Among the issues and themes on which SAP Canada has worked are: human development, local governance, community action, strengthening civil society, peace, human rights, livelihoods, and listening to people in poverty – all drawing on experience and ideas from South Asia and bringing them home to Canadians.
SAP Canada’s Secretariat of seven people is located in Ottawa, Canada’s capital. Its Board of Directors, also seven in number, is elected by the 22 member organisations. The Annual Meeting is usually held in June of each year.


Pop: 30 million

• GNP per capita: $19,640 (US$)

• Pop. with income below $1/day: 0.0

• Literacy: Male= 99% Female=99%

• Life Expec.: M=76 F=82

• Military Expenditure as % of health and education spending: 15%

• Number of soldiers per 1,000 doctors: (not available)

• Electricity consumption (per capita kilowatt hours): 20,904 Canada

Pop: 30 million

• GNP per capita: $19,640 (US$)

• Pop. with income below $1/day: 0.0

• Literacy: Male= 99% Female=99%

• Life Expec.: M=76 F=82

• Military Expenditure as % of health and education spending: 15%

• Number of soldiers per 1,000 doctors: (not available)

• Electricity consumption (per capita kilowatt hours): 20,904

South Asia Partnership Nepal

Old Baneshwor
G.P.O. 3827, Kathmandu, Nepal

Mr. Tirth Pd. Gyawali, Executive Director
Tel : +9771 4223230/ 4258782/ 4242845
Fax : +9771 4241338

Email :
Website :

South Asia Partnership-Nepal (SAP-Nepal) is a voluntary, non-government development organisation. Since its inception in 1985, it has developed its own approach to sustainable development from first-hand, grassroots experience. It has always promoted the building of the capacity of those working at the grassroots level for poverty alleviation. Having served as a donor agency for a decade, it officially assumed the role of a national NGDO in 1994. SAP-N firmly believes that as a national organisation, it can contribute more directly to the pursuit of developing human potential. Its aim is to tap such human resources and create opportunities for the marginalized to reach a decision-making level.

SAP - Nepal is currently operating through four regional offices, covering 62 of the 75 districts of Nepal, and has partnerships with about 1,000 Civil Society Organisations (CSOs). It not only helps develop participatory sustainable development models but also helps build development and gender perspectives by discussing current development issues with the local grassroots CSOs.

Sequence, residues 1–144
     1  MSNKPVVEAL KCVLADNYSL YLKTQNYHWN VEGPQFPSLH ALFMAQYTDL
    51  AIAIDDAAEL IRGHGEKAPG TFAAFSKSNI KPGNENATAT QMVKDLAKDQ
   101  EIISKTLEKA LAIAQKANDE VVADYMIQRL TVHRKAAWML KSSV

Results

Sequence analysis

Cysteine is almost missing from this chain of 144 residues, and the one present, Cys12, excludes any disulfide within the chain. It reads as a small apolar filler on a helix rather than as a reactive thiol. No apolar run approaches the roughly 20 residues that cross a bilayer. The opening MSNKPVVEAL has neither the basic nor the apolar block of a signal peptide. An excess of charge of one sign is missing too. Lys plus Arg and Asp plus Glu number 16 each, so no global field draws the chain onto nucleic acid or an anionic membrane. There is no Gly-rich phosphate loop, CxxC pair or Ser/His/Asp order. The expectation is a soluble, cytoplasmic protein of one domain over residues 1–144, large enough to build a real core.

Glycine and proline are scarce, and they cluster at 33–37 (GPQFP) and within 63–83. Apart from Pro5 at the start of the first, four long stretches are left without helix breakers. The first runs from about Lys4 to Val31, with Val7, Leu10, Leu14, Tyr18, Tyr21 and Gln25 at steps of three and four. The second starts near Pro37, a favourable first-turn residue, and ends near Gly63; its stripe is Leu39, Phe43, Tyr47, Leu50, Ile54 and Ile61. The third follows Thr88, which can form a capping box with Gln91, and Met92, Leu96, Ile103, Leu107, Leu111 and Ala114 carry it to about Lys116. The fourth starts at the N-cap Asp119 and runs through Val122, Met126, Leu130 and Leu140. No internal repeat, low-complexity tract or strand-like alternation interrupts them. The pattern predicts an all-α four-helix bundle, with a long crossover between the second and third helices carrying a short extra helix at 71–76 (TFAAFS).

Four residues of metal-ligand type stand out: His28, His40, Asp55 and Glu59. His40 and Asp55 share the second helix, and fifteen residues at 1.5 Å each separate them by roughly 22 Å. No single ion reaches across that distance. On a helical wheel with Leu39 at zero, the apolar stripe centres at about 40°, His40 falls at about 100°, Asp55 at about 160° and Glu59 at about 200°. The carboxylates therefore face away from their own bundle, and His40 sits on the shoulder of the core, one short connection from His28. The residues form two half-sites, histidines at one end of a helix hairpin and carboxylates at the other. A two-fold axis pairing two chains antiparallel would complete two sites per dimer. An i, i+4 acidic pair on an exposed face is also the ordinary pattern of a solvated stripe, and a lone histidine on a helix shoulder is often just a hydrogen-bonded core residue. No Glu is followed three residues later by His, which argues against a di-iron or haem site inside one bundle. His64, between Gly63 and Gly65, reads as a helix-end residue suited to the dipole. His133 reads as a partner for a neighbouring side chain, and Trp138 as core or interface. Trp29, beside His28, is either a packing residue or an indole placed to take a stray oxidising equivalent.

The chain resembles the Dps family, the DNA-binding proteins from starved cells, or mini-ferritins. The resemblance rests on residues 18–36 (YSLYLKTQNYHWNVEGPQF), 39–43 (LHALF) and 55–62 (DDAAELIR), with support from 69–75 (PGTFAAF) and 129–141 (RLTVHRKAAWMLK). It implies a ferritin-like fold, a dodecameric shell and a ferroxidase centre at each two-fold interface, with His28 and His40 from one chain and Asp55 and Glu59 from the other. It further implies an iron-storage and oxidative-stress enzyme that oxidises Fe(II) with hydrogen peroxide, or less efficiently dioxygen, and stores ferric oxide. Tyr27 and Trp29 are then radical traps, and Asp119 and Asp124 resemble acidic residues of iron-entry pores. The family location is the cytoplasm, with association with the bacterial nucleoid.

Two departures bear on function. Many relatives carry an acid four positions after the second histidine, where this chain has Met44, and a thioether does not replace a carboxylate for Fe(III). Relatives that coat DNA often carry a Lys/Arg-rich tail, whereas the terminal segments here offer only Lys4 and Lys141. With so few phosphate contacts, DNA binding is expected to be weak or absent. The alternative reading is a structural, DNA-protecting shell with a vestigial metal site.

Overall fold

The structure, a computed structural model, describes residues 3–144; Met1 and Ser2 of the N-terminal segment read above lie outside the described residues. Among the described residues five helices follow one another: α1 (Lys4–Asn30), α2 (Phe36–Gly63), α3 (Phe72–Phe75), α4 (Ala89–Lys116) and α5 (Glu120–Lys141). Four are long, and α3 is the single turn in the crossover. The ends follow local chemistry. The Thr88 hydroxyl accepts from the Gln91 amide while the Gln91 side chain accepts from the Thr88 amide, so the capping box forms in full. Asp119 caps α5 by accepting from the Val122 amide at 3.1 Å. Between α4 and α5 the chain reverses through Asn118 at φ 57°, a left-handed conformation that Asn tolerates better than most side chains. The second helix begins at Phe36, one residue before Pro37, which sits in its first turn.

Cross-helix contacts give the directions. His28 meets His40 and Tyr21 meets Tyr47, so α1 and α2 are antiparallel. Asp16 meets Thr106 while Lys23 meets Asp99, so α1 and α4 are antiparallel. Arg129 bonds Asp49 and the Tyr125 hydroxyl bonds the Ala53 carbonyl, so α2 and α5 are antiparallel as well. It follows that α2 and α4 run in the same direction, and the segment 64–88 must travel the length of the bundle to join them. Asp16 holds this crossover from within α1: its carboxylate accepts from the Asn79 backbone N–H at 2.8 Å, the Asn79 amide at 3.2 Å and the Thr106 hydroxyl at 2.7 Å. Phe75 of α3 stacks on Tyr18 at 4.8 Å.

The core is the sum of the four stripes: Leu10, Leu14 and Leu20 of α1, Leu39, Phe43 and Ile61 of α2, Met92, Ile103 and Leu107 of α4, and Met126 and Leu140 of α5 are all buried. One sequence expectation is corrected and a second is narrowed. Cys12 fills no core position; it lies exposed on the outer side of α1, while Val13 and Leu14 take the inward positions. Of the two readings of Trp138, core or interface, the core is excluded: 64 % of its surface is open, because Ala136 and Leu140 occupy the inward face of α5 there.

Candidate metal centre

Nepal is still in a state of transition with a young democracy. There are new opportunities and NGDOs are now also facing monitoring pressures as the old order gives way to the new. SAP-Nepal is bracing itself for future challenges. The change in the Nepalese political system has brought along a change in the accountability procedure and the commitment of civil society organisations. Government and non-government organisations have taken the responsibility of alleviating poverty.
A few of SAP-Nepal’s programs:
The Long Term Partnership Program (LTPP) was introduced in 1991/92 as an integrated capacity-building program for partner organisations. The major features of those 5-year programs were social mobilization, human resource development and institutional development. For the first time, the concept of institutional capacity development along with paid volunteerism was introduced. The success of this program has led to its development and continuation in successive years.
The Human Resource Development Program (HRDP) was initiated by SAP-Nepal in 1989 with the objective of building the capacity of its partner NGDOs in social organisation, skills and participatory program management. The training is conducted in the areas from accounts, savings and credit management to situation analysis, gender and development, organisation management/development and program planning and management.

In 1997, SAP-N also initiated a diploma level course on Social Development Planning and Management (SDPM), the first of its kind in Nepal. This was created in response to the increasing need for committed and competent development workers for NGDOs working in rural areas.
In 1993 the Nepal India Conservation of Environment (NICE) Program was launched in the Mid-Western region of Nepal to promote the use of biogas as an alternative source of energy. This program also introduced the concept of multi-models and multi-donors. Similarly, other regional and international programs like the LAMP follow-up and the Capacity-building study also became regular features of SAP-N activities.
SAP-N has established three resource centres in different regions and one in Kathmandu to provide support services to partner and potential partner organisations. The resource centres were established under the first phase of one of SAP-N’s major on-going programs, "Participatory Approach towards Holistic Development" or the PATH Development Program. The goal of the second phase, started in January 2000, is the promotion of good governance for society building.


• Pop: 24 million

• GNP per capita: $220 (US$)

• Pop. with income below $1/day: 53%

• Literacy: Male= 41% Female=14%

• Life Expec.: M=57.6 F=57.1

• Military Expenditure as % of health and education spending: 25%

• Number of soldiers per 1,000 doctors: 35,000

• Electricity consumption (per capita kilowatt hours): 17

South Asia Partnership Pakistan

Haseeb Memorial Trust Building Nasirabad, 2 k.m. Raiwind Road
P.O. Thokar Niaz Beg
Lahore - 53700, Pakistan Haseeb Memorial Trust Building Nasirabad, 2 k.m. Raiwind Road
P.O. Thokar Niaz Beg
Lahore - 53700, Pakistan